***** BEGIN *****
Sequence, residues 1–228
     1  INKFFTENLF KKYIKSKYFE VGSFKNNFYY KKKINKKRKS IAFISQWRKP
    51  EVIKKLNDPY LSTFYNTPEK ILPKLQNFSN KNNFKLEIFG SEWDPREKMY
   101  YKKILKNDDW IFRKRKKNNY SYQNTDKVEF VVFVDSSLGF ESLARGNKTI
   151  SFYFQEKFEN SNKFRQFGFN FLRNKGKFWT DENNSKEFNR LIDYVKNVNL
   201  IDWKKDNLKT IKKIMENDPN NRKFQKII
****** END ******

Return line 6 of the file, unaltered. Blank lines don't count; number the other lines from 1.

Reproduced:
   201  IDWKKDNLKT IKKIMENDPN NRKFQKII